Google spy cars have been out snapping the wreckage from the Japanese tsunami, so everyone can see the damage a big wave can do and how long reconstruction is taking.
The dating of images isn't limited to those taken in Japan: every picture in Street View worldwide now has a month and year attached - finally ending the game of "when did they take that", which has filled so many bored afternoons in offices around the planet. But it's the images taken before and after the tsunami that prompted the update.
Disaster tourism used to mean travelling to unstable parts of the world to lament the suffering of mankind, but now we can all see just how unpleasant being hit with a big wave can be from the comfort of our own (still standing) homes.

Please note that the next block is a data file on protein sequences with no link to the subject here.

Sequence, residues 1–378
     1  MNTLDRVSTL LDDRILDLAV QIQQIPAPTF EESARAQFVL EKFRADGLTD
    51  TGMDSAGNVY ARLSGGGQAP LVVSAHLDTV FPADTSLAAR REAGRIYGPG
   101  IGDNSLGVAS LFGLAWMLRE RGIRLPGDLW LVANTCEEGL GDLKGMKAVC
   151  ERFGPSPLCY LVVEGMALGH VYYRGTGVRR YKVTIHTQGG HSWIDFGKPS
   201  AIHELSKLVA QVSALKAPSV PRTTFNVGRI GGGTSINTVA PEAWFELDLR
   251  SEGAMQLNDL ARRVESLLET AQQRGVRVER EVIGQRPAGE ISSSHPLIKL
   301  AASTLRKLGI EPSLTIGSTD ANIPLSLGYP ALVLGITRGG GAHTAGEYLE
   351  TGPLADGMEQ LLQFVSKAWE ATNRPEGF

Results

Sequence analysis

This emotional self flagellation is supposed to make us feel more connected to those whose lives were really destroyed, or as Google puts it:
Seeing the street-level imagery of the affected areas puts the plight of these communities into perspective and ensures that the memories of the disaster remain relevant and tangible for future generations.
Google has even prepared a guided tour, called Memories for the Future, which allows the virtual tourist to flip between before and after images - in case wandering randomly through the ruins isn't enough.
The date tags now appended to all Street View images appear in the bottom left. Since they only show the month and year the photograph was taken, there's sill some wriggle room for a philanderer caught in the wrong place at the wrong time, just not as much as there used to be. ®